The Respondents in these two cases, Adam Robert Filthaut and Robert D. Adams, were members of a law firm, Adams & Diaco, P.A., in Tampa, Florida. Stephen Christopher Diaco was also a member of this firm and also took part in the events that are the subject of these proceedings. As a result of disciplinary action against Diaco and the withdrawal of his petition seeking review of the referee’s report, which jointly addressed Adams, Filthaut, and Diaco, Diaco has been permanently disbarred. See Fla. Bar v. Diaco, No. SC14-1052 (Fla. Jan 28, 2016).

The misconduct giving rise to the disciplinary actions against these three attorneys is among the most shocking, unethical, and unprofessional as has ever been brought before this Court. A brief summary of the facts, as found by the referee in his report, is as follows, and the full referee’s report is attached to this opinion. In January 2014, Adams & Diaco, P.A. was defending a radio network and one of its disc jockeys, “Bubba the Love Sponge” Clem, in a civil suit.

Opposing counsel included attorney Phillip Campbell, who represented another disc jockey named Todd Schnitt. Schnitt brought the action against Clem. The lawsuit was hotly contested for over five years and received substantial media coverage in the Tampa area. On the evening of January 23, 2013, while the trial was in recess for the night, Campbell and his cocounsel, Johnathan Ellis, walked to a nearby restaurant, Malio’s Steakhouse, for dinner and a drink. Unbeknownst to Campbell, a paralegal who worked for Respondents happened to be at Malio’s with a friend. Campbell did not know the paralegal, Melissa Personius, but she recognized Campbell as she was leaving the bar.

Personius contacted Adams after she left Malio’s to inform him she had seen Campbell at the bar. Adams then notified Diaco and called Personius back. After this call from Adams, Personius returned to Malio’s. Filthaut called his friend Sergeant Raymond Fernandez of the Tampa Police Department, informing him that Campbell was at Malio’s drinking and might drive while intoxicated. Filthaut did not inform Fernandez that Campbell was opposing counsel in the Schnitt versus Clem litigation.

Upon returning to Malio’s, Personius and her friend took a seat next to Campbell at the bar. Personius told Campbell, Ellis, and another attorney present that she was a paralegal but lied about where she was employed. Personius openly and obviously flirted with Campbell, encouraged him to drink, and bought him drinks. All the while, without Campbell’s knowledge, communications continued among Respondents, Personius, and Fernandez. Personius kept Respondents informed about what was transpiring with Campbell inside Malio’s. Fernandez assigned another officer to stake out Malio’s to see if Campbell would drive while intoxicated.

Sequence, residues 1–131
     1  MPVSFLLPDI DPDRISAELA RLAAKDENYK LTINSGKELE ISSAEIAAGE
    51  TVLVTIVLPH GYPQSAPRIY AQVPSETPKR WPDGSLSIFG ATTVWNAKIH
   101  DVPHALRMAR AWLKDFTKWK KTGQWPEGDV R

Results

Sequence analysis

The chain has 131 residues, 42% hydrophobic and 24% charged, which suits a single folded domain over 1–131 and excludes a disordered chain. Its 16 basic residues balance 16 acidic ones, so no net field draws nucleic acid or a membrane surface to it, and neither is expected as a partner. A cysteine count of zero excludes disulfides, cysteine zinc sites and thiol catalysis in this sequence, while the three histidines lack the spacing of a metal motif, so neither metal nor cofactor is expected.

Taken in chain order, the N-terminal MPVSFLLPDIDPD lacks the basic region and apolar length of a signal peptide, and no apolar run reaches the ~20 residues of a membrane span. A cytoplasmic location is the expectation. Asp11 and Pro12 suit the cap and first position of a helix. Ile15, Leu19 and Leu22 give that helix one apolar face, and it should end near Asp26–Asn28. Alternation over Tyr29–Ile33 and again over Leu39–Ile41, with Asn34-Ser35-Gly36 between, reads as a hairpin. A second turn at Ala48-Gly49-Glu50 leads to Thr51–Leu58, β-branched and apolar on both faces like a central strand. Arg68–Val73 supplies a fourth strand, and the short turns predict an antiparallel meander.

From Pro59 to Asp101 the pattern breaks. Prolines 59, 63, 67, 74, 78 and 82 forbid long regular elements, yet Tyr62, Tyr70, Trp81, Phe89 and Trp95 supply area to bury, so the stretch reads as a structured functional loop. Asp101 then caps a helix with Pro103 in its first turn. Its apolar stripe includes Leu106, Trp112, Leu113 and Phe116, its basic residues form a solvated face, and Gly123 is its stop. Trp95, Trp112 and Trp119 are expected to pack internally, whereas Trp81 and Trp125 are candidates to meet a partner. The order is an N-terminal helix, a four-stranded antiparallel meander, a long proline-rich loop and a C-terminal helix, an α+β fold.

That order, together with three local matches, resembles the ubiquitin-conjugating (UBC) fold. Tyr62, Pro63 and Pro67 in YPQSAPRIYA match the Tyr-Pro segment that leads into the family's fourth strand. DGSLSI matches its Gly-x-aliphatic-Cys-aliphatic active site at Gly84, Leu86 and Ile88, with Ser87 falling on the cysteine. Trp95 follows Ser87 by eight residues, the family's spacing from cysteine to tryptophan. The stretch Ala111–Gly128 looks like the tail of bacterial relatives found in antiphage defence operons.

By 9:30 or 9:45 p.m., Personius’ friend and the other attorneys with Campbell had left Malio’s. Personius also had learned during the evening that Campbell had walked to Malio’s and intended to walk home—he lived a few blocks away. Witnesses who observed Personius that evening testified that she appeared to be intoxicated. Campbell observed the same, and he offered to call her a cab. She told him her car was in valet parking. He offered to see if it could be kept overnight. She told him that she needed to get to her car. He took her valet ticket, had the car brought up, and confirmed with the valet that it could be left overnight. She then refused to leave her car and insisted that it needed to be moved to a secure public parking lot where she could have access to it. He tried to convince her to leave the car, but she insisted that it had to be moved. Out of frustration, he agreed to move the car to a lot near his apartment building and call her a cab from there.

Shortly after leaving Malio’s driving Personius’ car, Campbell was pulled over by Fernandez and subsequently arrested for DUI and taken to jail. Additionally, Campbell inadvertently left his trial bag in Personius’ car. Personius and her car were later driven to her home by an associate attorney in Respondents’ firm.